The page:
If God has brought you through or is currently bringing you through such a season in your life, the phrase resonates to the very depths of your soul.
Years of your life have been eaten by locusts.
Substantial devastation and loss have taken place in your life.
Sometimes as a result of:
- Consequences of your own sinful choices
- Sinful actions of others done against you
- Health or physical struggles
- Spiritual oppression
To which God gives an amazing promise of restoration:
I will repay you for the years the locusts have eaten — the great locust and the young locust, the other locusts and the locust swarm — my great army that I sent among you.
You will have plenty to eat, until you are full, and you will praise the name of the Lord your God, who has worked wonders for you; never again will my people be shamed.
Then you will know that I am in Israel, that I am the Lord your God, and that there is no other; never again will my people be shamed. – Joel 2:25-27
The how and when of His restoration in our lives is up to Him. This promise isn’t like an insurance claim we wave before God and demand repayment of our own choosing. Rather, it is a promise of His own righteous restoration and redemption of the destruction and loss that has taken place in our lives.
It is a promise of hope in the devastation that once was a life of abundance.
In His promise, God makes a statement that resounds with His ultimate sovereignty, “. . . My great army that I sent among you.” (Joel 2:25)
God allowed the locusts that have eaten years of our lives. He is the Blessed Controller of ALL things (1 Tim 6:15). No plan of His can be thwarted (Job 42:2). What He has said, that will He bring about; what He has planned, that He will do (Is 46:9-11).
Could God have prevented the locusts from eating years of our lives?
Absolutely, and yet He chose not to do so.
We would do well to join Job in his conclusion after trying to reason, argue, and demand to know the “whys” from God for his suffering in Job 42:1-5:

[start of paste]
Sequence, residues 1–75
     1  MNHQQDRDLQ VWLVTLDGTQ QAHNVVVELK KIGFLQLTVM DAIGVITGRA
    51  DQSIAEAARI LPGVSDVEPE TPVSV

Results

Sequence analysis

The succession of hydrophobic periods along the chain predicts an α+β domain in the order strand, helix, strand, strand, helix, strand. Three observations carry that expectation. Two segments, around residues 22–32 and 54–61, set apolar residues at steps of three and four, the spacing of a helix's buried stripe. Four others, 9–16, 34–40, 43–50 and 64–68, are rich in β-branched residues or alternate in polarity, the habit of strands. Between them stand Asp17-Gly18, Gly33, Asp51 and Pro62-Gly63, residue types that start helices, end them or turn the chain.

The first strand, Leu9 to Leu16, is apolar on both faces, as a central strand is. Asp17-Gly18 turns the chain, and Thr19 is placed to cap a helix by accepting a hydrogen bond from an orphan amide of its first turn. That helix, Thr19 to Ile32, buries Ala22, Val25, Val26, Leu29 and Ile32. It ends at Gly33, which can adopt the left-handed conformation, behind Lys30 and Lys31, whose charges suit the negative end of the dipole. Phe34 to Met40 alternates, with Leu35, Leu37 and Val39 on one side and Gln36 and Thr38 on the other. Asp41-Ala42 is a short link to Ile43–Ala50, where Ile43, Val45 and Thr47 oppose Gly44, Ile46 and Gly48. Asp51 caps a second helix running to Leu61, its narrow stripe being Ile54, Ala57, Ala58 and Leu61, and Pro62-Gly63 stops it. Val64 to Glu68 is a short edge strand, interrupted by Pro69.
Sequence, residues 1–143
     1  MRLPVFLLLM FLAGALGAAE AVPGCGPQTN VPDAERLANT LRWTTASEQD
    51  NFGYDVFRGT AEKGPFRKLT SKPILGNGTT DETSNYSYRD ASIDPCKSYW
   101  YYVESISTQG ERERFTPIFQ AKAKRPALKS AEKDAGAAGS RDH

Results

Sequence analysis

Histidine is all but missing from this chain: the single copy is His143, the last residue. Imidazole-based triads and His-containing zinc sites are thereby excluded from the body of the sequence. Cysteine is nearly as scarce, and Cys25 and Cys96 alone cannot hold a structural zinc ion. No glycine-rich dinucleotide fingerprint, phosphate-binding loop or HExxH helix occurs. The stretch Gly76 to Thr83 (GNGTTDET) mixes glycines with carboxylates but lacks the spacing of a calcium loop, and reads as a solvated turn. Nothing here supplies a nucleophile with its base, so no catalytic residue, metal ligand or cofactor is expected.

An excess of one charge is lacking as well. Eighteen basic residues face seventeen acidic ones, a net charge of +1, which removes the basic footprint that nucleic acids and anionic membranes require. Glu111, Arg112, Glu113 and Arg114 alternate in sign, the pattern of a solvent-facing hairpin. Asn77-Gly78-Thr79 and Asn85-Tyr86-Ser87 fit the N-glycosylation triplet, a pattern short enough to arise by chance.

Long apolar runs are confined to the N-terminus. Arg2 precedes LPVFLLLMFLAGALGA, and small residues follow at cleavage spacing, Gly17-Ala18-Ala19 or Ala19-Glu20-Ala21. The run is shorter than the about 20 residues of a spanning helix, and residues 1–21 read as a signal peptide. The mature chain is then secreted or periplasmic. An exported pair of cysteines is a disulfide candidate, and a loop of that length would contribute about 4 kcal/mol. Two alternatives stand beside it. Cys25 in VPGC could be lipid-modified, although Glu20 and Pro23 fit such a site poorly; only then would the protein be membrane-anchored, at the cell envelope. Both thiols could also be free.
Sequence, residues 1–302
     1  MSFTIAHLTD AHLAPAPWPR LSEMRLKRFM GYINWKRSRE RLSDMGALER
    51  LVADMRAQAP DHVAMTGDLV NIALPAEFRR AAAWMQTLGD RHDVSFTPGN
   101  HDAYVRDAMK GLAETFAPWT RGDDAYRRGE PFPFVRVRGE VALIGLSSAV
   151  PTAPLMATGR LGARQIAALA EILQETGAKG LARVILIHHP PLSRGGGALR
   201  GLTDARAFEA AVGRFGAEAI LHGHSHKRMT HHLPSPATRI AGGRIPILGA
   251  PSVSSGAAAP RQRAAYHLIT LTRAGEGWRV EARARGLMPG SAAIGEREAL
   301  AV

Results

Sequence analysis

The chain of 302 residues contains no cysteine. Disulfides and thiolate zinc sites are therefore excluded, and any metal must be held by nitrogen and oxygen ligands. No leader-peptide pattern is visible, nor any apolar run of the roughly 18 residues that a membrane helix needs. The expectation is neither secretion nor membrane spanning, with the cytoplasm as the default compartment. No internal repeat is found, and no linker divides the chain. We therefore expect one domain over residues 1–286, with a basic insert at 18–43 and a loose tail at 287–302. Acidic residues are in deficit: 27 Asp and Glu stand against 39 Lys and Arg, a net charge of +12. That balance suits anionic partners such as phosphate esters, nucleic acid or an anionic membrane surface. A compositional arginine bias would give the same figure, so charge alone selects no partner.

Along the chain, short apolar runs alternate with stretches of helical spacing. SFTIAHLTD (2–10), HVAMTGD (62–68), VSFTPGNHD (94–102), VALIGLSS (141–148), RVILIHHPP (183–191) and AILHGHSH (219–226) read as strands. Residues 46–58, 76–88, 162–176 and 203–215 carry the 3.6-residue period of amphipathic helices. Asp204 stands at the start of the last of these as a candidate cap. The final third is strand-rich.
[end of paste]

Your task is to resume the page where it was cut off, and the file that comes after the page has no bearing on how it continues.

Then Job replied to the Lord: “I know that you can do all things; no plan of yours can be thwarted.
You asked, ‘Who is this that obscures my counsel without knowledge?’
Surely I spoke of things I did not understand, things too wonderful for me to know.“You said, ‘Listen now, and I will speak; I will question you, and you shall answer me.’
My ears had heard of you but now my eyes have seen you.
He is the Potter and we are the clay (Is 45:9). He is our Maker and Creator and He owes us nothing, and yet delights to give us everything (Rm 8:32).
In 2000, I developed Chronic Fatigue Syndrome. In my early 20’s, it cost me my job, friends, ministry, and health. In 2003, I started having an intercessory prayer team pray over me. As these prayer sessions continued, it became evident that I was not only dealing with physical issues but also a large degree of spiritual oppression.
Before my prayer session in May 2006, I was walking and praying. As I was walking through a playground, I came across 7 folded one dollar bills. As I picked them up, I marveled at how they hadn’t been taken or strewn across the playground and road by the wind. As I held them in my hand, I sensed Father said, “You’ve almost had chronic fatigue for 7 years. I will restore the years the locusts have eaten in your life.”
At that time, I only vaguely knew the promise of Joel 2:25-27. Only after I looked it up, did Father start to connect this promise in Scripture with what He was about to do in my life.
Before Jesus would heal someone, He would ask a very interesting question, “What do you want me to do for you?” (Mt 20:32, Mk 10:36, Mk 10:51, Lk 18:41)
The curious nature of this question comes when we remember that Jesus was fully God and fully man during His time of walking the earth, thus He was all-knowing. He knew what they wanted Him to do for them . . . and yet, Jesus wanted them to say it, to believe it, and to own it for themselves.
So too it is with Father’s promises, He wants us to say them, believe them, and own them for ourselves. And one of the hardest times to do that is after experiencing the years the locusts have eaten.
It’s tough some mornings to get out of bed and be faced once again with the devastation, let alone believe a seemingly outlandish promise that God’s going to redeem all this ravaging loss that has clung to your life like frost clings to grass.
Still, Jesus asks . . . and may we be like the father in Mark 9:24 who exclaims in reply, “I do believe; help me overcome my unbelief!”
I pray we believe Him to redeem the years the locusts have eaten in our lives. He will.
Rest Ministries is great resource for those who struggle with chronic illness or pain.